During her work, the artist wasn't only inspired by paintings and photos: For one of her pieces a 13 cm porcelain figurine made by German artist Johann Joachim Kändler in 1754, entitled Kobieta z Wachlarzem i Maską/ Woman With a Fan and a Mask. The figurine remained in Dr Ernst Gallink's private collection in Baden-Baden, and after his death it was sold to the museum in Karlsruhe; however, it never reached its destination and disappeared in mysterious circumstances.
The Syndrom Gauguina/ Gauguin Syndrome, which opened in 2016 in the lokal_30 gallery was a combination of three individual exhibitions –by EwaJuszkiewicz, Filip Brendt and Katya Szadkovska–brought together with common themes: Anthropology and transformation– the need for it, its requirements, impossibilities and the process itself. Gauguin Syndrome also features three stories. Juszkiewicz – similarly to the The Descent Beckons exhibition – based most of her pieces on archival photographs of lost artworks. The story she quoted relates to the history of one of her paintings:
As the Nazi regime rose to power the life of the Hesses, a family of entrepreneurs was dramatically changed. Thekla, widowed after the death of her husband Alfred, remained with her son Hans, who was to take the reigns over management of the family’s art collection. When in 1933 he lost his job at the Ullstein publishing house, he was forced to emigrate. He moved to Paris, then London. His mother remained in Germany to look after the collection. She was able to save a large part of the collection by sending a number of works to the Kunsthalle Basel in 1933. Kunsthaus Zurich took them over in 1934 for their own exhibition and then stored them in its warehouse when it was over for safekeeping. Customs restrictions meant that Thekla could send the collection abroad for only short periods of time on the basis of a ‘freipass’. In 1939 the Gestapo threatened her with punitive action because the collection had still not returned to the Reich. Thekla was wary and asked the director of the Cologne Art Union to hold the works and immigrated to London. When she contacted the Union in 1947 to have the collection returned, she was told that the works had been removed after the bombing of the storage facility and were probably lost. Over the next few years, she managed to recuperate several of the paintings, but she never managed to track down her favourite – a tapestry by the expressionist artist Max Pechstein, titled ‘Grape Gathering’.
Ewa Juszkiewicz participated in an exhibition entitled Od Sztucznej Rzeczywistości do Selfie: Autoportret w Polskiej Sztuce Współczesnej/ From Artificial Reality to a Selfie: Self-Portrait in the Art of Contemporary Polish Artists, which opened at the BWA Awangarda Gallery in Wrocław in the autumn of 2017. The exposition captured the identity of Polish contemporary artists from different generations. The self-portrait compilation is an attempt to show their artistic strategy and their attitude towards tradition as well as an effort to depict technological change and different methods of preserving the image throughout the decades. Over the years, subsequent inventions have made it easier for us to picture ourselves and bring us closer to our own image, at the same time destabilising our identity and a sense of belonging. In the era of smartphones, everyone can create a self-portrait without putting in any effort; we don't actually need manual skills, but is showing yourselfequivalent toself-representation?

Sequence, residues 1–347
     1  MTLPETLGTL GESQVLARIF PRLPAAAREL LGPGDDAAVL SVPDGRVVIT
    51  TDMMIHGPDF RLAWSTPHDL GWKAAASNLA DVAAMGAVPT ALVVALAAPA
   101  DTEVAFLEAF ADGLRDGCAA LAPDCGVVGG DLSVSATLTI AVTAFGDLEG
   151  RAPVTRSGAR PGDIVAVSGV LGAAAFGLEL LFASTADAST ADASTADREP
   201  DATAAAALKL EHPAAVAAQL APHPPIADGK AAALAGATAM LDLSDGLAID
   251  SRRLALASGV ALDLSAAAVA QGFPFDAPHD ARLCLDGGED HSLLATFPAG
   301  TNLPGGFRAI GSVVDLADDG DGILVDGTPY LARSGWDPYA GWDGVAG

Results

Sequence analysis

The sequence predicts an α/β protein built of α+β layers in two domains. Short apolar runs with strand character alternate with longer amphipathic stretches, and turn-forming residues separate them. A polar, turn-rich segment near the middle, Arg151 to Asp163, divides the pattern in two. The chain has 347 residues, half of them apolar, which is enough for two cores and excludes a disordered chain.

Selected solo exhibitions:
- 2016 – SyndromGauguina/ Gauguin Syndrome with F. BerendtandK. Szadkovska
- 2015 – The Descent Beckons, Present Future Section, Artissima, Contemporart Art Fair, Torino, Italy; The Descent Beckons, Galeria Bielska BWA, Poland
- 2013 – Curls, lokal_30, Warsaw, Poland; Damage has been done, Juszkiewicz/Kokosiński, EL Gallery, Elbląg, Poland; Up to my head, Juszkiewicz/Kokosiński, Zona Sztuki Aktualnej, Szczecin, Poland; What you don't talk about, Baltic Gallery, Słupsk, Poland
- 2012 – Rosamunde, the Princess of Cyprus, Centrum Kultury Katowice, Poland
- 2011 – How It Is, Asks Agnisia, That We See a Teddy Bear in the Painting, Otwarta Pracownia, Kraków, Poland; Wild in dreams, Garbary 48 Gallery, Poznań, Poland
- 2010 – Ewa Juszkiewicz – painting, Sławek Jaskułke – piano, PiTiPa Gallery, Poland
- 2009 – Young Artists' Presentation, Ewa Juszkiewicz, Sfinks, Sopot, Poland
Selected group exhibitions:
- 2019 – Masochistki/ Masochists, ZonaSztukiAktualnej, Szczecin
- 2018 – DzikośćSerca:PortretiAutoportret w PolscePo 1989 Roku/ Wild At Heart: Portrait and Self-Portrait in Poland After 1989,Zachęta – National Gallery of Art, Warszawa; KościotrupyMusząWstawać / Skeletons Must Wake, Gdańsk Municipal Gallery
- 2017 – Syrena Herbem Twym Zwodnicza/ The Beguiling Siren is Thy Crest, Museum of Contemporary Art on The Vistula, Warsaw; Sztuka w Sztuce/ Art in Art, MOCAK, Kraków; Od SztucznejRzeczywistości do Selfie:Autoportret wPolskiejSztuceWspółczesnej (From Artificial Reality to a Selfie: Self-Portrait in the Art of Contemporary Polish Artists, BWA Gallery Awangarda, Wrocław
Author: Agnieszka Sural, 16.09.2014, transl. MK. Updated: HSz August, 2019.
Selected quotes are originally from the lokal_30 gallery website and have been translated by HSz.